G.Skill Trident Z5 RGB DDR5-8000 CL38 32 GB Kits Now Available

Image: G.Skill

G.Skill has now launched its Trident Z5 RGB DDR5-8000 CL38 32GB (2x 16 GB) memory kits with prices spotted at Newegg starting at $529.99. These new Trident Z5 RGB DDR5-8000 CL38 kits, while at a premium price, represent some of the fastest memory currently available for 13th Gen Intel Core processors and were previously teased when G.Skill announced its Trident Z5 DDR5-7800 memory. G.Skill has provided a screenshot of a DDR5-8000 kit being validated on an ASUS ROG MAXIMUS Z790 APEX motherboard with an Intel Core i9-13900K processor running at 5.5 GHz.

Image: G.Skill

The new Trident Z5 RGB DDR5-8000 CL38 dual-channel memory kits are available in Silver ($529.99) or Matte Black ($534.99) and support XMP 3.0 memory overclocking profiles. Both have identical timings of 38-48-48-128, are rated at 1.45V, include an aluminum heat spreader, and have customizable RGB.

Image: G.Skill

From Press Release

G.SKILL International Enterprise Co., Ltd., the world’s leading brand of performance overclock memory and PC components, is thrilled to announce the retail release of the ultra-high frequency DDR5-8000 CL38 32GB (2x16GB) overclocked performance DRAM memory kit under the flagship Trident Z5 RGB series. Designed for use with the latest 13th Gen Intel® Core™ desktop processors and compatible high-end Z790 chipset motherboards, this new DDR5-8000 memory kit specification is raising the bar for overclocked DDR5 memory speed to the next level.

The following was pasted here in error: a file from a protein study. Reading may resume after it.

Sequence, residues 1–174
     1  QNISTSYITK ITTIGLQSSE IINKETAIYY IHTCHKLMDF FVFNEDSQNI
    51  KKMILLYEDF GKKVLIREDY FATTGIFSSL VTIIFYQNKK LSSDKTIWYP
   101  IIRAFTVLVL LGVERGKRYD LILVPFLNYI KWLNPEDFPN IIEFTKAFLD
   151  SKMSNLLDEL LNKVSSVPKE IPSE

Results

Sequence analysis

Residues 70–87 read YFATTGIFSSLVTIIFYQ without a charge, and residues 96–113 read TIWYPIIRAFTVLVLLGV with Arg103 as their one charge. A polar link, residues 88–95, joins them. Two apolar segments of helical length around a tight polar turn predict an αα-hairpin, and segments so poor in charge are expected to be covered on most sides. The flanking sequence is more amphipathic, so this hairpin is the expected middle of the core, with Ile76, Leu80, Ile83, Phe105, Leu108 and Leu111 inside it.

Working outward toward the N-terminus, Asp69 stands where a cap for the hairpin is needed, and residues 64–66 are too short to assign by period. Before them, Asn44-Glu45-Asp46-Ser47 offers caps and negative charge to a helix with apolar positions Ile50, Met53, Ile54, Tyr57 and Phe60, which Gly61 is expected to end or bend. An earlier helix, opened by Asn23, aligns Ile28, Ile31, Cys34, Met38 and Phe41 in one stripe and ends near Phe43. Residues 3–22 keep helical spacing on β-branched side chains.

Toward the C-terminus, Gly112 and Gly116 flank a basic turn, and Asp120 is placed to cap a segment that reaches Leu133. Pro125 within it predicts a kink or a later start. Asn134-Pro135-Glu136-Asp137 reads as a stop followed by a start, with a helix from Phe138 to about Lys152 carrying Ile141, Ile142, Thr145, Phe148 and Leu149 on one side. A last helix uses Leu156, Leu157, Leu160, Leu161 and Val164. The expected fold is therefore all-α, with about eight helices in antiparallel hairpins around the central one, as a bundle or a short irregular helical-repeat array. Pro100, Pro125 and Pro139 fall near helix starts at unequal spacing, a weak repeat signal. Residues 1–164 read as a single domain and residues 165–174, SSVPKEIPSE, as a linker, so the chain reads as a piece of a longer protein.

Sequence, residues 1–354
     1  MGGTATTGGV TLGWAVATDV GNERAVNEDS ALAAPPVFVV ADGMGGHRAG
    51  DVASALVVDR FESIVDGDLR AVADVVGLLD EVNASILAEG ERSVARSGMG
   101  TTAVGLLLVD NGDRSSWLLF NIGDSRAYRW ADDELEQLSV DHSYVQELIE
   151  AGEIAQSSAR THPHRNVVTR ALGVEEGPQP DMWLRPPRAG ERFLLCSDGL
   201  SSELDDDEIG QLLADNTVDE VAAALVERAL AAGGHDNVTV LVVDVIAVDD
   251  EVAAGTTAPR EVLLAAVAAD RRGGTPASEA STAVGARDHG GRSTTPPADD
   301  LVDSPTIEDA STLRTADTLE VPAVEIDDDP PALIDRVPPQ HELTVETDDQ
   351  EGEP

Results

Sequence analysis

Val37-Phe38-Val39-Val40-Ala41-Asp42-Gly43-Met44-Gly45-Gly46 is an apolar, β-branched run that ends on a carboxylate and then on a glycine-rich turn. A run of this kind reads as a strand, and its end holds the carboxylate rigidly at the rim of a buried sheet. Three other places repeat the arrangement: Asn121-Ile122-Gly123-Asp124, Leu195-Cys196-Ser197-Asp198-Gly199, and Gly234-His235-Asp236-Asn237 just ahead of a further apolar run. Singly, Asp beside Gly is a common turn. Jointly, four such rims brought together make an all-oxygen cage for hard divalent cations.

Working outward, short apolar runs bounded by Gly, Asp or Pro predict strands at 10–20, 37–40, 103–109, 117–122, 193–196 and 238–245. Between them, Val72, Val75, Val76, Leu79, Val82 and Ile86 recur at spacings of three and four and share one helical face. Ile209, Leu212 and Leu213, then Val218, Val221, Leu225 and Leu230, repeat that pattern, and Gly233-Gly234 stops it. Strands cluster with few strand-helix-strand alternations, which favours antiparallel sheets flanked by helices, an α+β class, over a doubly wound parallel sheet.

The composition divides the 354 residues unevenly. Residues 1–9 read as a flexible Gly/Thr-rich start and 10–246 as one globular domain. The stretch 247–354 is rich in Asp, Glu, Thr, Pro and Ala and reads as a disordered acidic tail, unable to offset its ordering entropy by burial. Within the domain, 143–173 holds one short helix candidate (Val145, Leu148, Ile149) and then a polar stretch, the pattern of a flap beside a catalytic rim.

Intel XMP 3.0 Support & Availability
This DDR5-8000 memory kit comes with Intel XMP 3.0 memory overclocking profile support for easy memory overclocking via the motherboard BIOS. This flagship overclocked memory kit will be available in December 2022 via G.SKILL worldwide distribution partners.

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Peter Brosdahl
As a child of the 70’s I was part of the many who became enthralled by the video arcade invasion of the 1980’s. Saving money from various odd jobs I purchased my first computer from a friend of my dad, a used Atari 400, around 1982. Eventually it would end up being a lifelong passion of upgrading and modifying equipment that, of course, led into a career in IT support.

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